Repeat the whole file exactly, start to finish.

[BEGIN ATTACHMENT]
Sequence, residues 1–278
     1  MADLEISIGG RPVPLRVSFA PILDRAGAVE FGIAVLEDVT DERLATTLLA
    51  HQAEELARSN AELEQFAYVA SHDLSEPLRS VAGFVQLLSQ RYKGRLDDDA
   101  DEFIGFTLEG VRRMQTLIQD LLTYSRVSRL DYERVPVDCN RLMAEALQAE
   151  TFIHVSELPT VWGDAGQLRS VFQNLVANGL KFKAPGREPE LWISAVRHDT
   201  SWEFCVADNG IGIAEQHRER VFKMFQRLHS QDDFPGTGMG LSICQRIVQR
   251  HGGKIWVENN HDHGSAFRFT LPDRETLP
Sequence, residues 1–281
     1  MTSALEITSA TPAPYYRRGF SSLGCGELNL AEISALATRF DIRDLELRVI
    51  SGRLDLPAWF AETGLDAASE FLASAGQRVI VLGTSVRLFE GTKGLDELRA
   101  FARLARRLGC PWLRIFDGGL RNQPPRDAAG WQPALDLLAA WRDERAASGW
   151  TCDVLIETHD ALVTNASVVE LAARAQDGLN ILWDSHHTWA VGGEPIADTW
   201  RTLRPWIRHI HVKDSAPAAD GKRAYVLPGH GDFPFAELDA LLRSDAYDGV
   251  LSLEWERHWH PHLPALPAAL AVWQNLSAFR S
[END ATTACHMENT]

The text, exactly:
Sequence, residues 1–278
     1  MADLEISIGG RPVPLRVSFA PILDRAGAVE FGIAVLEDVT DERLATTLLA
    51  HQAEELARSN AELEQFAYVA SHDLSEPLRS VAGFVQLLSQ RYKGRLDDDA
   101  DEFIGFTLEG VRRMQTLIQD LLTYSRVSRL DYERVPVDCN RLMAEALQAE
   151  TFIHVSELPT VWGDAGQLRS VFQNLVANGL KFKAPGREPE LWISAVRHDT
   201  SWEFCVADNG IGIAEQHRER VFKMFQRLHS QDDFPGTGMG LSICQRIVQR
   251  HGGKIWVENN HDHGSAFRFT LPDRETLP
Sequence, residues 1–281
     1  MTSALEITSA TPAPYYRRGF SSLGCGELNL AEISALATRF DIRDLELRVI
    51  SGRLDLPAWF AETGLDAASE FLASAGQRVI VLGTSVRLFE GTKGLDELRA
   101  FARLARRLGC PWLRIFDGGL RNQPPRDAAG WQPALDLLAA WRDERAASGW
   151  TCDVLIETHD ALVTNASVVE LAARAQDGLN ILWDSHHTWA VGGEPIADTW
   201  RTLRPWIRHI HVKDSAPAAD GKRAYVLPGH GDFPFAELDA LLRSDAYDGV
   251  LSLEWERHWH PHLPALPAAL AVWQNLSAFR S